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Upgrading P-Bass, but got a tiny problem....

Discussion in 'Pickups & Electronics [BG]' started by Bassline1414, Oct 22, 2000.


  1. I have an American P-Bass that I would like to turn into my "dream bass" but I have one problem. Since the P-Bass has no cavity in the back, it would be a major pain to take off the entire pickguard to change the battery. So I was wondering what the best passive pickup on the market is, since It would be a major hassle to get actives, any ideas?
     
  2. Seymour Duncan Quarter Pounder is a Good Choice. Also the Bartolini Passives.
     
  3. Babs

    Babs

    May 5, 2000
    Sandy Utah
    Antiquity IIs
     
  4. dmaki

    dmaki

    Apr 29, 2000
    Chattanooga
    Considering you only have to change the battery once or twice a year, it shouldn't be too much of a problem. If you really don't want to go through removing the pickguard you could install a battery box on the back of the body by routing a small hole, but it would seem more logical just to take off the pickguard. If you REALLY don't want active pickups and want to go with passives, there are a lot of choices out there. I can't really recommend a specific pickup because I don't know what "sound" you're trying to get, but check out what Seymour Duncan, Bartolini, and Lane Poor have to offer... If you go with actives, EMG's are pretty good...

    - David
     
  5. I play everything, classic rock, jazz, blues, funk, ANYTHING....i need something versatile, and I have Seymour Duncan 1/4 lbers in my fretless and I like the sound okay, but I want something more versatile. Thanks
     
  6. I think the pickup that comes standard with MIA Fender P basses IS one of the best available in the market....the pup Fender produce for the '62 RI P basses is even better.

    I have a '96 MIA P bass and am very very happy indeed with the stock pickup.

    Andy
     
  7. rllefebv

    rllefebv

    Oct 17, 2000
    Newberg, Oregon
    I agree with Andy. I totally dig the sound of the pickup in my '97 American Standard P-Bass. The only mods that I have made is to replace the white pickguard with a hip tortise-shell from Stew-Mac. I also wired the volume pot to act as an all control bypass sending the signal directly to the output jack. I used to use this all the time, (I have wired all my basses with this type of control), but now I use it only for recording, or when I need a little extra zing. This pickup is almost certainly the best passive P that I have heard...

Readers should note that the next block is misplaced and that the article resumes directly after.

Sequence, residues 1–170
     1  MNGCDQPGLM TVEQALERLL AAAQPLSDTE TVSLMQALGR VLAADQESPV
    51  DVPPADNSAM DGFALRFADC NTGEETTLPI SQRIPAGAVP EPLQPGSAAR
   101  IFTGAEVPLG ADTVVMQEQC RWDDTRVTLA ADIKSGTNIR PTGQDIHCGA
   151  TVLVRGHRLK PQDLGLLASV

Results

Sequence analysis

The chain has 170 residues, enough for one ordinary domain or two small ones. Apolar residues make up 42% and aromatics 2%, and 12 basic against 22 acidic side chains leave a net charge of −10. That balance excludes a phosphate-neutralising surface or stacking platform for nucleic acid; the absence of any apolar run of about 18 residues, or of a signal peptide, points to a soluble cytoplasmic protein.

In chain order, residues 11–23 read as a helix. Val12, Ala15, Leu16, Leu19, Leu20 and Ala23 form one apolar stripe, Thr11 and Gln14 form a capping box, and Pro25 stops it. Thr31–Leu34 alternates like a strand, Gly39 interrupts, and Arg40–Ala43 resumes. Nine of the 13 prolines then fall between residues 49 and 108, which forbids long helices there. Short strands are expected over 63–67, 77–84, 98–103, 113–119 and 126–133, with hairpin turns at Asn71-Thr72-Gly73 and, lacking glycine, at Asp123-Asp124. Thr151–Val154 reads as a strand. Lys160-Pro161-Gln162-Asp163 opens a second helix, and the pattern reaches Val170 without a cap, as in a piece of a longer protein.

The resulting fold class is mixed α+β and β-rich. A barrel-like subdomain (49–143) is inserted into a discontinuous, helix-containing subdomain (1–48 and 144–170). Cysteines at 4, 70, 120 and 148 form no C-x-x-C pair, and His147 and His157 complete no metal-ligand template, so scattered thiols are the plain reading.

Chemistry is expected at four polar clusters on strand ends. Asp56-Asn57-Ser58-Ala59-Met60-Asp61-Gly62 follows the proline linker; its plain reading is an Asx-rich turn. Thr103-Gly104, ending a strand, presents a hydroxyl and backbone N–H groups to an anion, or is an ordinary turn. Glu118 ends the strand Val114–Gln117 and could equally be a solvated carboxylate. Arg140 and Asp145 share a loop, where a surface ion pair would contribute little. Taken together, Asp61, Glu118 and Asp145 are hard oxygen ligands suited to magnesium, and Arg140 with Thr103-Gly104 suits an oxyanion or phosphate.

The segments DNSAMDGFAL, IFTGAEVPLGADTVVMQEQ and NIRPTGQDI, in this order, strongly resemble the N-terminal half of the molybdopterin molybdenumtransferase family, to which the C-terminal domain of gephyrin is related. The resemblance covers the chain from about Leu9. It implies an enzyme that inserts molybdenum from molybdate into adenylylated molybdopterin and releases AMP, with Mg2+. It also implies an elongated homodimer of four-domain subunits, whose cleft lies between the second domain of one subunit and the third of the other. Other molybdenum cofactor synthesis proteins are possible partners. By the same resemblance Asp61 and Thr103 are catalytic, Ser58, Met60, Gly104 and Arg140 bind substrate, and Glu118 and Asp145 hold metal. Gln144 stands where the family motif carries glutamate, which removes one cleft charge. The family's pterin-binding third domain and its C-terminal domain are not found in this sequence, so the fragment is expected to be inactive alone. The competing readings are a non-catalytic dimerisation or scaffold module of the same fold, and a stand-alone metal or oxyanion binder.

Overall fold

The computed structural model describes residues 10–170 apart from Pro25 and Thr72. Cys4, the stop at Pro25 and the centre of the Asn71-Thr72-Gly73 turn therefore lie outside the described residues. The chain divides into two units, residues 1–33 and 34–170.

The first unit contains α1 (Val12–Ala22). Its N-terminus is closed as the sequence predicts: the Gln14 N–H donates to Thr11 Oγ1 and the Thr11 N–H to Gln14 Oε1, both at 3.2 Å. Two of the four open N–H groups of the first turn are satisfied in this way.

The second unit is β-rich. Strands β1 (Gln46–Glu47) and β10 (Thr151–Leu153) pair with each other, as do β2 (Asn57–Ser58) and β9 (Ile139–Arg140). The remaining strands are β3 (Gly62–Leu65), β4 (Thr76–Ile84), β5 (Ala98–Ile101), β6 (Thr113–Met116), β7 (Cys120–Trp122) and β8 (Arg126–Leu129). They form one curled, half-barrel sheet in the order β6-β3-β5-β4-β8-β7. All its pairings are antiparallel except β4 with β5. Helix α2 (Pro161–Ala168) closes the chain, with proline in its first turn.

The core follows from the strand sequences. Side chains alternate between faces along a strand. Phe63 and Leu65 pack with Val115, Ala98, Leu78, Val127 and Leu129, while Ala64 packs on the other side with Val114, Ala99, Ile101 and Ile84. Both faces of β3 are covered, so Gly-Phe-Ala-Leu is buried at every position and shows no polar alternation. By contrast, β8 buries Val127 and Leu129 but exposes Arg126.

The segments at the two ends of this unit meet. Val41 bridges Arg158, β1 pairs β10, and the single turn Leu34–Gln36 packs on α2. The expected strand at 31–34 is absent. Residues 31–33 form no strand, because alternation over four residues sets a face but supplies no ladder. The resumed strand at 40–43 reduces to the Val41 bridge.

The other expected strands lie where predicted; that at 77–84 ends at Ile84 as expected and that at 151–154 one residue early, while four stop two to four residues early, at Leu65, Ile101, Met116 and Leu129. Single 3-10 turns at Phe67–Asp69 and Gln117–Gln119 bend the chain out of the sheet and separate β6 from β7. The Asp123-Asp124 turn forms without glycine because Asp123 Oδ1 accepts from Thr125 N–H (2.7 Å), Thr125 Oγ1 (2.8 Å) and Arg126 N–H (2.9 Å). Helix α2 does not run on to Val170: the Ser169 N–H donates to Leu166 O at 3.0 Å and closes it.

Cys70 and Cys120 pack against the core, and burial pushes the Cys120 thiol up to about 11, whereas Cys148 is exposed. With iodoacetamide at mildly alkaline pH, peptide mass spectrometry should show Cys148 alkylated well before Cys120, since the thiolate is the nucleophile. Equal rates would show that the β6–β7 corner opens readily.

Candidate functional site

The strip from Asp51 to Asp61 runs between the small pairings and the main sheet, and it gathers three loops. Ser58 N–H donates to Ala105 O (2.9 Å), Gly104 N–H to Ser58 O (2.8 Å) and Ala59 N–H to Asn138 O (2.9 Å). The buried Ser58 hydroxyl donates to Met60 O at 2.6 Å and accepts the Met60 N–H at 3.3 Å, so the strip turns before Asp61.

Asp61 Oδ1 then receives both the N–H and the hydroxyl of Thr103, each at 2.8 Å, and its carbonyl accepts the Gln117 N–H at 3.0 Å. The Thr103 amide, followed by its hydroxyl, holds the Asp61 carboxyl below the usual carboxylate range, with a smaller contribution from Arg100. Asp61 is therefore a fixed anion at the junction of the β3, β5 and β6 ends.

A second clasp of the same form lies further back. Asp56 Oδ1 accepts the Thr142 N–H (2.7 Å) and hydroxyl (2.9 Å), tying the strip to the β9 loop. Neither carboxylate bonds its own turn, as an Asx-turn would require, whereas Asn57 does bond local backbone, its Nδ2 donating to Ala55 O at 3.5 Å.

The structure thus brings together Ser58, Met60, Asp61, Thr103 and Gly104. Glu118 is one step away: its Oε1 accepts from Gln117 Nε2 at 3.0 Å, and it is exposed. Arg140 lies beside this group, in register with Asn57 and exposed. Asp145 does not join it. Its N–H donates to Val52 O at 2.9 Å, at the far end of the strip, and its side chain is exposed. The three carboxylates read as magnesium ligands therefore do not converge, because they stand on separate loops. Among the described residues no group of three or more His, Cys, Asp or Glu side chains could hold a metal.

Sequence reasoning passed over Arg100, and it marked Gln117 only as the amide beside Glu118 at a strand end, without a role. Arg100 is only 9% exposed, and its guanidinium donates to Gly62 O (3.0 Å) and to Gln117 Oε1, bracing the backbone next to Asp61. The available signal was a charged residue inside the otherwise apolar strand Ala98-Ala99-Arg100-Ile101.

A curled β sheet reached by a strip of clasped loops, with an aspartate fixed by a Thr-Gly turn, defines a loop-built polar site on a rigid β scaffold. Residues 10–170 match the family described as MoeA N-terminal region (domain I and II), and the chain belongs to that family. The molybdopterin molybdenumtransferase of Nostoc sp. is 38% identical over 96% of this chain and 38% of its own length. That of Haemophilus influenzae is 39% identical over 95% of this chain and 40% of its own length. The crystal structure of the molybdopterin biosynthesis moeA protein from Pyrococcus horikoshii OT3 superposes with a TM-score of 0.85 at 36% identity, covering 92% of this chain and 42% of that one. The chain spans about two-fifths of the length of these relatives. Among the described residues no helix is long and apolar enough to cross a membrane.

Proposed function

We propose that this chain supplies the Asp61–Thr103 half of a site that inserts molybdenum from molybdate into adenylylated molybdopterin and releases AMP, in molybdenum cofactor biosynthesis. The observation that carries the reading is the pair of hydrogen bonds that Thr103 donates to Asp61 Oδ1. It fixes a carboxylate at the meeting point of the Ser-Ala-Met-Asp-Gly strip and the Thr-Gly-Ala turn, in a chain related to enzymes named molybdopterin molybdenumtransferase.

-robert
     
  8. I DO like the sound, I just wish I could get an active pickup without taking off the pickguard. rllefebv, I too want a tortouise shell pickguard, but I like the Fender p/guards the best.
     
  9. Babs

    Babs

    May 5, 2000
    Sandy Utah
    Another thing to do that will improve your tone is to get a BAD ASS Bass bridge II they rock, I don't know why Fender insist on putting their peice o crap bridges on them, they should upgrade to something a little bigger. If you want to get creative you can cut a hole in the back for the batery and get a plastic case for it and drill a hole for the wireing. If you don't want to do anything to your bass you will have just go get passive pick ups. Semor duncans rock, Aeroinstuments makes killer pickups, there are a ton of them out there. But why do you want the Active picups anyway, maybe ask that question first, and then if thats what you want, have fun drill some holes in your bass and be proud of your bass.